44. 44.  GN ( vagoglossopharyngeal neuralgia) is less Common  relatively less severe attacks  The 2 disorders may occasionally co-exist.  most common in females and patients over 50  Most cases of GN are idiopathic,  neurovascular compression may also be seen. Glossopharyngeal Neuralgia
  45. 45.  GN is characterized by severe, transient, stabbing, unilateral pain  in the ear,  tongue base,  tonsillar fossa and/or  beneath the angle of the jaw CHARACTERISTICS
  46. 46.  include talking, yawning, coughing, and Swallowing  may be severe enough to cause weight loss.  also be triggered by touching the external auditory canal,  the side of the neck,  and the skin anterior to the ear Common triggers
  47. 47.  GN may involve branches of the vagal nerve  leading to bradycardia and syncope  that may necessitate pacemaker placement COMPLICATION
  48. 48.  Management of GN mirrors that of TN.  Pharmacotherapy should be tried initially with the preferred agents being the same as those used in TN TREATMENT
  49. 49.  ON is a neuralgia with pathology related to cervical rather than cranial nerves.  The characteristic clinical presentation consists of  brief, sharp shooting pain  in the distribution of the occipital nerves,  which is often associated with dysesthesia and allodynia Occipital Neuralgia
  50. 50.  Nerve block with a local anesthetic  and corticosteroid may provide temporary relief  while a neuropathic pain medication (eg, gabapentin) and physical therapy are initiated TREATMENT
  51. 51.  pulsed radiofrequency ablation,  occipital nerve stimulation,  or a trial of BTX may be considered REFRACTORY CASES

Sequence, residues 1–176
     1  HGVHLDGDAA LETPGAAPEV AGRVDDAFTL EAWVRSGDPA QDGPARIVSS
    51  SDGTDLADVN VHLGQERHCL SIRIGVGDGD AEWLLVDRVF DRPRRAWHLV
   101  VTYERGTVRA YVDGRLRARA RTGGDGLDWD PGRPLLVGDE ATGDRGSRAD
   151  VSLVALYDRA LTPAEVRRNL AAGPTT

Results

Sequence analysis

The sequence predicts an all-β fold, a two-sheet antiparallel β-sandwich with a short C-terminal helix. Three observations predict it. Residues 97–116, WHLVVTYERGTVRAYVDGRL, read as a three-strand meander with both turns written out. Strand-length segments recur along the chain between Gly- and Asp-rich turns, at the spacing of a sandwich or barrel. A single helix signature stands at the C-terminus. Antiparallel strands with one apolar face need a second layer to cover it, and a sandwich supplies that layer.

52. 52.  PHN is the most common complication of herpes zoster (also known as shingles),  which results from reactivation of latent varicella zoster virus Postherpetic Neuralgia
  53. 53.  pain persisting more than 4 months after the onset of rash in the area affected by herpes zoster. DEFINITION
  54. 54.  first line therapies for PHN include  Carbamazepine  tricyclic antidepressants (target=25–150 mg/d),  Gabapentin (target=1800–3600 mg/d),  pregabalin (target=150–600 mg/ d),  topical lidocaine 5 % patch,  Divalproex sodium 1000 mg per day DRUG THERAPY
  55. 55.  In refractory cases or in patients intolerant of first line agents,  opioids and capsaicin may be considered.  Combining the lidocaine patch with other agents has also proven effective.  Intravenous acyclovir for 2 weeks followed by  oral valacyclovir ( latent ganglionitis is present and may contribute to pain) REFRACTORY CASES
  56. 56.  The neuralgias represent painful conditions of the head occurring in a specific nerve dermatome.  These disorders may be recognized by their characteristic clinical presentations, including pain in a restricted topography.  Although many cases are classical (primary), secondary etiologies are not uncommon.  Pharmacologic agents remain the first line treatment for many of the neuralgias,  but nerve blocks, surgery, and other procedures may be necessary in refractory cases.  Topical medications, in particular, may offer several advantages CONCLUSION
  57. 57. THANK YOU...

This is an excellent ppt on types,symptoms and drug therapy of neuralgias illustrated with pictures, flowcharts and appropriate algorithms...

Vistos

Vistos totais

66

No Slideshare

0

De incorporações

0

Número de incorporações

0

Ações

Baixados

0

Compartilhados

0

Comentários

0

Curtir

0

×